We live in interesting times.

Recently, a white supremacist group chose to march near to my house as a show of “freedom of speech.” It was one of many that have erupted across America. As I saw the footage on Twitter, I couldn’t help but think of members of my family who, generations ago, fled pogroms in Ukraine and fascism in Europe.

We aren’t there yet, but there is unmistakably a rising tide. We can only hope it is stopped far short of its potential.

Media companies should consider their responsibility in protecting user data.
Media companies should consider their responsibility in protecting user data.

We are often told data is the new oil. Media organisations that wish to make the transition to the Internet — or start-ups that wish to launch themselves freshly upon it — need to gather information about their readers. This data will allow them to make more nuanced decisions about what to publish and how to deliver it. Machine-learning algorithms will use these enormous pools of data to recommend exactly the right articles for each reader, keeping them engaged for longer and driving up advertising revenues.

“Machine learning” sounds like a magical Artificial Intelligence technology from a science fiction movie, but the way it works is relatively simple.

First, an organisation builds up a huge bank of pre-categorised data. A machine-learning algorithm can then use that data, and those categories, to attempt to categorise new data.

For example, based on a set of existing content recommendations, a machine-learning algorithm could attempt to make new recommendations. Those new recommendations can be corrected by humans and are then added to the data set. The algorithm then becomes more accurate over time, because it has more and more categorised data to work from.

In media, this data includes the interests people have and what kinds of content they read. Often, this is linked to personally identifying information for each user.

Effectively, users being tracked across the Web have a giant library record attached to them: a data set of virtually everything they’ve read across participating Web sites. This record contains inferred interests — things the tracking algorithm has decided they’d be interested in — that they might never get to see or correct. And the economic incentives are to continue to make that data set bigger and bigger.

One hallmark of authoritarian regimes in the 20th century was their use of libraries. Library records would often be reviewed to try and identify dissidents. People who read books considered to be against the interests of the state might be questioned. And people were targeted for discrimination (and much, much worse) by their ethnicity, sexuality, and political preferences. This practice is significantly easier in the 21st century.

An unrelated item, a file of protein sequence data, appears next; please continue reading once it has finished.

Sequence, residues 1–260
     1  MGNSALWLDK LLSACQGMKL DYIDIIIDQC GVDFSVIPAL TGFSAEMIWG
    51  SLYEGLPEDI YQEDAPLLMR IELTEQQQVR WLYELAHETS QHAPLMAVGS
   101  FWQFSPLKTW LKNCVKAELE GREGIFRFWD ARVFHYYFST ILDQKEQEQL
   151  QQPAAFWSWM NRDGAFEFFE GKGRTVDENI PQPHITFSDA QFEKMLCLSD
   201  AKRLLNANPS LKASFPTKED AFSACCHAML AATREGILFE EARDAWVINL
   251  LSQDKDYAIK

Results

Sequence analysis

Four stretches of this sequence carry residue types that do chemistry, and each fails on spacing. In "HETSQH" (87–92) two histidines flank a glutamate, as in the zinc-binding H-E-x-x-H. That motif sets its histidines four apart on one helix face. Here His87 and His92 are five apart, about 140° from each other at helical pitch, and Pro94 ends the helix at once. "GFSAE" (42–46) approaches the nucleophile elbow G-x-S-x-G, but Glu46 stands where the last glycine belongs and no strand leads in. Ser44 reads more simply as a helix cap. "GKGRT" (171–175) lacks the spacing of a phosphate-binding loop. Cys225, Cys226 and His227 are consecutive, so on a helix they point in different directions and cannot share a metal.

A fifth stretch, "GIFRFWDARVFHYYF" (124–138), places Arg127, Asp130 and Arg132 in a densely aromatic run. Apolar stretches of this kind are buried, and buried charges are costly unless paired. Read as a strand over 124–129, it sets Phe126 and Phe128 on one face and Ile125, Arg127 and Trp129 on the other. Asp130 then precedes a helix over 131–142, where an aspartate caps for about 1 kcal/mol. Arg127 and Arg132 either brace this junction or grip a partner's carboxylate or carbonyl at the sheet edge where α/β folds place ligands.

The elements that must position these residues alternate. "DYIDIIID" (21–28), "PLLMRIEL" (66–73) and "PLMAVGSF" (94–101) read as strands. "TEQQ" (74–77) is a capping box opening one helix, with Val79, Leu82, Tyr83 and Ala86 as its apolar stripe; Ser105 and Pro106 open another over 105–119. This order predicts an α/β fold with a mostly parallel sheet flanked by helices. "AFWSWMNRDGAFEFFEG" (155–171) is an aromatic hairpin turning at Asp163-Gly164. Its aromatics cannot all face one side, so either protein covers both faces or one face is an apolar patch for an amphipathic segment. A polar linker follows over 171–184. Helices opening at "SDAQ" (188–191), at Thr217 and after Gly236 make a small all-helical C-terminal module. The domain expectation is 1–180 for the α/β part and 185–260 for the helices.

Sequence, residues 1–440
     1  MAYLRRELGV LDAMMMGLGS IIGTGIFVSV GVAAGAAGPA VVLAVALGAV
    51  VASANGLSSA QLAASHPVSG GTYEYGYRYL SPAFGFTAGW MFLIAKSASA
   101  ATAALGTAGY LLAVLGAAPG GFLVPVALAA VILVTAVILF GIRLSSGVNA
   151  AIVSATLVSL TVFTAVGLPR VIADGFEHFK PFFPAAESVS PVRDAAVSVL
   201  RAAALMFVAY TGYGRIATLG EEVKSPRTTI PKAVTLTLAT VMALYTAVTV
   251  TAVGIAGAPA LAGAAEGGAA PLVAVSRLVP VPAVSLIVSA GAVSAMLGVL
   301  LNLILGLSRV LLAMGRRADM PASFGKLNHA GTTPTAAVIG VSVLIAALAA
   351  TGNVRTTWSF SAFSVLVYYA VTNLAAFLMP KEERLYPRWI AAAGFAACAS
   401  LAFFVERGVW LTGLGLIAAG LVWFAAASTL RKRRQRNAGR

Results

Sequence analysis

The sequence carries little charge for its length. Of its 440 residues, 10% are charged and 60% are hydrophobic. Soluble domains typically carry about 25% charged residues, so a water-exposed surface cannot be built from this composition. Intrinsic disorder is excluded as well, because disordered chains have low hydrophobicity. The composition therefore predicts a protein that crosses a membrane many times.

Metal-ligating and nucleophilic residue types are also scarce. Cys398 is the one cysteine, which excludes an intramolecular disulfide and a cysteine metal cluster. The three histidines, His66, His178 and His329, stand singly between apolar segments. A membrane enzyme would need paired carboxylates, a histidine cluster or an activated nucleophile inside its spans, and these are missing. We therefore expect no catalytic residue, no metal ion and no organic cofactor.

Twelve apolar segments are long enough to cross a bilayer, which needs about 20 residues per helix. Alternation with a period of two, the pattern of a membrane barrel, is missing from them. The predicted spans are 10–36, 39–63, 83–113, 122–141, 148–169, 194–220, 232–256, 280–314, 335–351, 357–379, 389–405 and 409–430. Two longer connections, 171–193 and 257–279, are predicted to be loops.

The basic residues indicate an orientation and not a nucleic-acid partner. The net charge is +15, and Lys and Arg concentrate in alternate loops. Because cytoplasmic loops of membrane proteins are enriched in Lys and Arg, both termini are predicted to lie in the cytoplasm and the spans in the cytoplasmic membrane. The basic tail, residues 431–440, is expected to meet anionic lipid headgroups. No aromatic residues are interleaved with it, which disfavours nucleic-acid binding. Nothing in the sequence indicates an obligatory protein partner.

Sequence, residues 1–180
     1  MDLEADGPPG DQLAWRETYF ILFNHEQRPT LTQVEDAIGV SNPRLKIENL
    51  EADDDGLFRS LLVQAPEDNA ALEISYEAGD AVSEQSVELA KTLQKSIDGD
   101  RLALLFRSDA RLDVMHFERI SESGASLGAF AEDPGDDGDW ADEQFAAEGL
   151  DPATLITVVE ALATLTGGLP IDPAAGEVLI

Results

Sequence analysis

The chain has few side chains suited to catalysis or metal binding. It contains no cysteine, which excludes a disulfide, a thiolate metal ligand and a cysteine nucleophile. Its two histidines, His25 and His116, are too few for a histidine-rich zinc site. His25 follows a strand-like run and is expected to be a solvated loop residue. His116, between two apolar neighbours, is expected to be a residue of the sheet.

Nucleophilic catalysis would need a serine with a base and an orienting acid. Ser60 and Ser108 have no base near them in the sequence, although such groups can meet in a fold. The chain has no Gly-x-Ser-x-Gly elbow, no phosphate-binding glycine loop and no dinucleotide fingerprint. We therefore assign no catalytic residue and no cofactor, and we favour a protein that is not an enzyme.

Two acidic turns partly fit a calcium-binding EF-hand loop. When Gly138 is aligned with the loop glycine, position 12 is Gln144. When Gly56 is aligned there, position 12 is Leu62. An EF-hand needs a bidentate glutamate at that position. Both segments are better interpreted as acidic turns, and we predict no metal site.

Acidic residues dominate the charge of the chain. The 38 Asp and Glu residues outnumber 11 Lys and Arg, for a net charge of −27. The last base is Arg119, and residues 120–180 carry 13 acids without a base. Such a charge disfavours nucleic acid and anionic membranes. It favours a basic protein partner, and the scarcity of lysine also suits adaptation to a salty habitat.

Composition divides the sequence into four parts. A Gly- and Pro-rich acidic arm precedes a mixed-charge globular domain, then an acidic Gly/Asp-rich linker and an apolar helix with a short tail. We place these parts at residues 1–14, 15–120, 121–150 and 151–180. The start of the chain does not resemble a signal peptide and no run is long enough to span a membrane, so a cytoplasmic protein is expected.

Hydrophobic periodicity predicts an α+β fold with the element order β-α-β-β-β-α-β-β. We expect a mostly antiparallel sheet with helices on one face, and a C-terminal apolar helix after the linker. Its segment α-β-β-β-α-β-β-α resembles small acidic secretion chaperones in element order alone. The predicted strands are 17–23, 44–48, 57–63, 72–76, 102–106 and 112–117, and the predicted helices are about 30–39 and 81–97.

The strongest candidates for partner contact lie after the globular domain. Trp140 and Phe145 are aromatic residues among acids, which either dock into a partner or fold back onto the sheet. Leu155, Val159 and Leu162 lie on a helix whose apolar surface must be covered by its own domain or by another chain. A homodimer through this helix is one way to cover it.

We know targeting can be used to identify users’ sexuality and ethnicity based on what they read. Last year, it was discovered Facebook assigns users an “ethnic affinity” for non-white users. Although placing ads to target or exclude races based on this was banned this year, the data continues to exist and could potentially be used for other purposes.

Although gathering vast sets of user data may increase engagement, we need to consider what the long-term implications of identifying reader preferences might be.

News is a particularly dangerous kind of information — it empowers citizens by giving them an understanding of what’s happening in the world around them. The kind of news we choose to consume as individuals can reveal what we care about, what our preferences are, and how we want to see the world. Our reading habits can single us out.

From May 2018, the European Union’s General Data Protection Regulation will require online services (including news Web sites) to ask for their users’ permission before they begin tracking and storing user data.

This is an admirable goal, but in a world where the shadow of fascism is beginning to encroach upon our seats of government, and where the President of the United States calls the news media the enemy of the American people, we should ask ourselves if we should we be gathering this data at all? Or does this violate the duty of care news organisations have to their readers?

In my role at Matter, I’m looking for innovative media start-ups that help create an informed, inclusive, and empathetic society. As part of this, I’m interested in start-ups that are building new business models for media, which don’t rely on user tracking or profiling. If that’s you — or if you care about user privacy in online media — I would love to talk.